Ancient Monuments

History on the Ground

This site is entirely user-supported. See how you can help.

Breiddin Hill Camp

A Scheduled Monument in Bausley with Criggion (Bausley gyda Chrugion), Powys

We don't have any photos of this monument yet. Why don't you be the first to send us one?

Upload Photo »

Approximate Location Map
Large Map »

If Google Street View is available, the image is from the best available vantage point looking, if possible, towards the location of the monument. Where it is not available, the satellite view is shown instead.


Latitude: 52.7218 / 52°43'18"N

Longitude: -3.0453 / 3°2'42"W

OS Eastings: 329497

OS Northings: 314305

OS Grid: SJ294143

Mapcode National: GBR B4.1NXL

Mapcode Global: WH8BH.6V48

Entry Name: Breiddin Hill Camp

Scheduled Date:

Source: Cadw

Source ID: 2617

Cadw Legacy ID: MG021

Schedule Class: Defence

Category: Hillfort

Period: Prehistoric

County: Powys

Community: Bausley with Criggion (Bausley gyda Chrugion)

Traditional County: Montgomeryshire


The monument comprises the remains of a hillfort, which probably dates to the Iron Age period (c. 800 BC - AD 74, the

Roman conquest of Wales). Hillforts are usually located on hilltops and surrounded by a single or multiple earthworks of massive proportions. Hillforts must have formed symbols of power within the landscape, while their function may have had as much to do with ostentation and display as defence.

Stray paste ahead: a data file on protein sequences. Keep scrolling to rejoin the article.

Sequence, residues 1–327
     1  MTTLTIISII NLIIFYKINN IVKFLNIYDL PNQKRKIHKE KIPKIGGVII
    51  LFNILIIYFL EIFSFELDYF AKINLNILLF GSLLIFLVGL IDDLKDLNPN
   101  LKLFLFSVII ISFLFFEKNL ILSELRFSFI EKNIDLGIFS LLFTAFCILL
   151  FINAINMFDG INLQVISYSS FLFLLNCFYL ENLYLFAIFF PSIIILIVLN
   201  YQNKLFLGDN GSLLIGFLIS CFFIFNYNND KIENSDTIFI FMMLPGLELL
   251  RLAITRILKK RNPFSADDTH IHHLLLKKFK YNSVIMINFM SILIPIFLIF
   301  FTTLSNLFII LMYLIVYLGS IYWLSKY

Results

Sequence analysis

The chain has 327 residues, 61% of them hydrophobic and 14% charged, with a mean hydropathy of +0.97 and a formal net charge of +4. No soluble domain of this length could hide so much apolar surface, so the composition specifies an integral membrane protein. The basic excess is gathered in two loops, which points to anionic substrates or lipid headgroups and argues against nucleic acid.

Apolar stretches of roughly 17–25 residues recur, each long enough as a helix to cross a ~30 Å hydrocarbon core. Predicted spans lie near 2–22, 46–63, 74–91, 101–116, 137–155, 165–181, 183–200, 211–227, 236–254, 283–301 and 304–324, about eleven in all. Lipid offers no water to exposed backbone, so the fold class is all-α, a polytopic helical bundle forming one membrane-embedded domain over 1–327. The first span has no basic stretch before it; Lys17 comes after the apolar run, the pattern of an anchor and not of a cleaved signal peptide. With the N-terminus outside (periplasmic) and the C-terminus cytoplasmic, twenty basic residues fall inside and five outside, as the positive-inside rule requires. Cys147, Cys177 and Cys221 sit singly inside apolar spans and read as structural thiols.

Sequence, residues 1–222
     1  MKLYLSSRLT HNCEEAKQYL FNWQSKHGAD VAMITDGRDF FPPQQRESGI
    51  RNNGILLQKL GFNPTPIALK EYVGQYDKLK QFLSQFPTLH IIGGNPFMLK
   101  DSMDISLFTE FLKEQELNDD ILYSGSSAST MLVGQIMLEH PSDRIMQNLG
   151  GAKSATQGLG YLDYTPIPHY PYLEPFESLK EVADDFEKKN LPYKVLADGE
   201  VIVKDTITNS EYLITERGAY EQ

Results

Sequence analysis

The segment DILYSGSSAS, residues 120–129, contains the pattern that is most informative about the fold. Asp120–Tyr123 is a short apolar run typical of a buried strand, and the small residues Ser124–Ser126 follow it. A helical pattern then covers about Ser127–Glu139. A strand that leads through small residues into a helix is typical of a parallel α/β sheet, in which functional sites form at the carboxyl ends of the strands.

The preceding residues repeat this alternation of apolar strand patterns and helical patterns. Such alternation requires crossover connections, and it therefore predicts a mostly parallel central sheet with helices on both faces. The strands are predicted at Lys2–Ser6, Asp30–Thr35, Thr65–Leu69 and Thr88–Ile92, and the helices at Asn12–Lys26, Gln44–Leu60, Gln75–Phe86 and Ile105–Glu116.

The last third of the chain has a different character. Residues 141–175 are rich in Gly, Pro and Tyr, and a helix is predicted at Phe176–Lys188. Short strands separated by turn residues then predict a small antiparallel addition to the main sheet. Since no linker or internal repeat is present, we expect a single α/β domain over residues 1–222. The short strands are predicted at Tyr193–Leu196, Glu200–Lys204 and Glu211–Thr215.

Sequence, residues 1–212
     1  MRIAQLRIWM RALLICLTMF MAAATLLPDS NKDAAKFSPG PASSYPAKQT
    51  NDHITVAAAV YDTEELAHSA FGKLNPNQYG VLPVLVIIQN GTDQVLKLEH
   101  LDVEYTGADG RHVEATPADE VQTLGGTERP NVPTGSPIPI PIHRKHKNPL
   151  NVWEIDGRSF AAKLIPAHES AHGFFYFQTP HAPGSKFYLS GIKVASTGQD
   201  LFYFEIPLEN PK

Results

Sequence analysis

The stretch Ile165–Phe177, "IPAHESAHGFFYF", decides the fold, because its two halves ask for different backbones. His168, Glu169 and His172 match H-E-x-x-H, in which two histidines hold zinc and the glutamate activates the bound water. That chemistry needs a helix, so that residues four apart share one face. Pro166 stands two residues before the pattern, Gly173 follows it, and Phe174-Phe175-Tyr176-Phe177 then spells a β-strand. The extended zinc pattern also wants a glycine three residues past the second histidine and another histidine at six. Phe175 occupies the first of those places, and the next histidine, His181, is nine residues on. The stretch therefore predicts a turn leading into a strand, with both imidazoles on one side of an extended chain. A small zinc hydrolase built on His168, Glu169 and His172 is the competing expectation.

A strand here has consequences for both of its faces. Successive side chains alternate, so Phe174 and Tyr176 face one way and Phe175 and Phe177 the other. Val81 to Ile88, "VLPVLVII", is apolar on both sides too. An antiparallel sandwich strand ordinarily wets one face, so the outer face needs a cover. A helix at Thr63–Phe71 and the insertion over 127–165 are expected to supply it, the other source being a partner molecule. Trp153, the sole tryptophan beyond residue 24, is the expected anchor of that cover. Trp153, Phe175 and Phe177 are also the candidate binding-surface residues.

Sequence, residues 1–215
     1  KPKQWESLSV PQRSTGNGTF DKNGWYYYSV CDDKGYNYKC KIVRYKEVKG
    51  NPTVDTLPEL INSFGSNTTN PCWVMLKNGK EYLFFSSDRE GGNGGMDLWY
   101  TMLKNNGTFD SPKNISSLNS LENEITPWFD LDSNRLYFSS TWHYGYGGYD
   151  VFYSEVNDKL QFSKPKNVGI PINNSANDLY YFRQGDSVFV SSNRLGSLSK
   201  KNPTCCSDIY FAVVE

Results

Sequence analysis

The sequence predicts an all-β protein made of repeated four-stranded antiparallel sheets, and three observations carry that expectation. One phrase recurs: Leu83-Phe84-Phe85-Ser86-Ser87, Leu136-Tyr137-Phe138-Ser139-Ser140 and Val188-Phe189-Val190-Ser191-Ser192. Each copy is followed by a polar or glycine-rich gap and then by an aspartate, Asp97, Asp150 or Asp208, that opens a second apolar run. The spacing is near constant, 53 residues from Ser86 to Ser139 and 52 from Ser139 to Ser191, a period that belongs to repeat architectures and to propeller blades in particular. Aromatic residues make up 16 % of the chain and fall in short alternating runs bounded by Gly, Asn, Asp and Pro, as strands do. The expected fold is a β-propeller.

The Breiddin Hillfort is situated upon a distinctive ridge at 365m OD, defended on the west, northwest and north by the steep natural slope. These slopes and some of the interior and main rampart have been destroyed by quarrying, but surviving ramparts lie along the less steep southeastern slopes of the ridge. These consist of a double line of wandering stone-built ramparts. Archaeological and paleaoenvironmental evidence suggest that the hilltop has been exploited since the Mesolithic period.

The monument is of national importance for its potential to enhance our knowledge of later prehistoric defensive organisation and settlement. The site forms an important element within the wider later prehistoric context and within the surrounding landscape. The site is well preserved and retains considerable archaeological potential. There is a strong probability of the presence of evidence relating to chronology, building techniques and functional detail.

The scheduled area comprises the remains described and areas around them within which related evidence may be expected to survive.

Source: Cadw

Other nearby scheduled monuments is an independent online resource and is not associated with any government department. All government data published here is used under licence. Please do not contact for any queries related to any individual ancient or schedued monument, planning permission related to scheduled monuments or the scheduling process itself. is a Good Stuff website.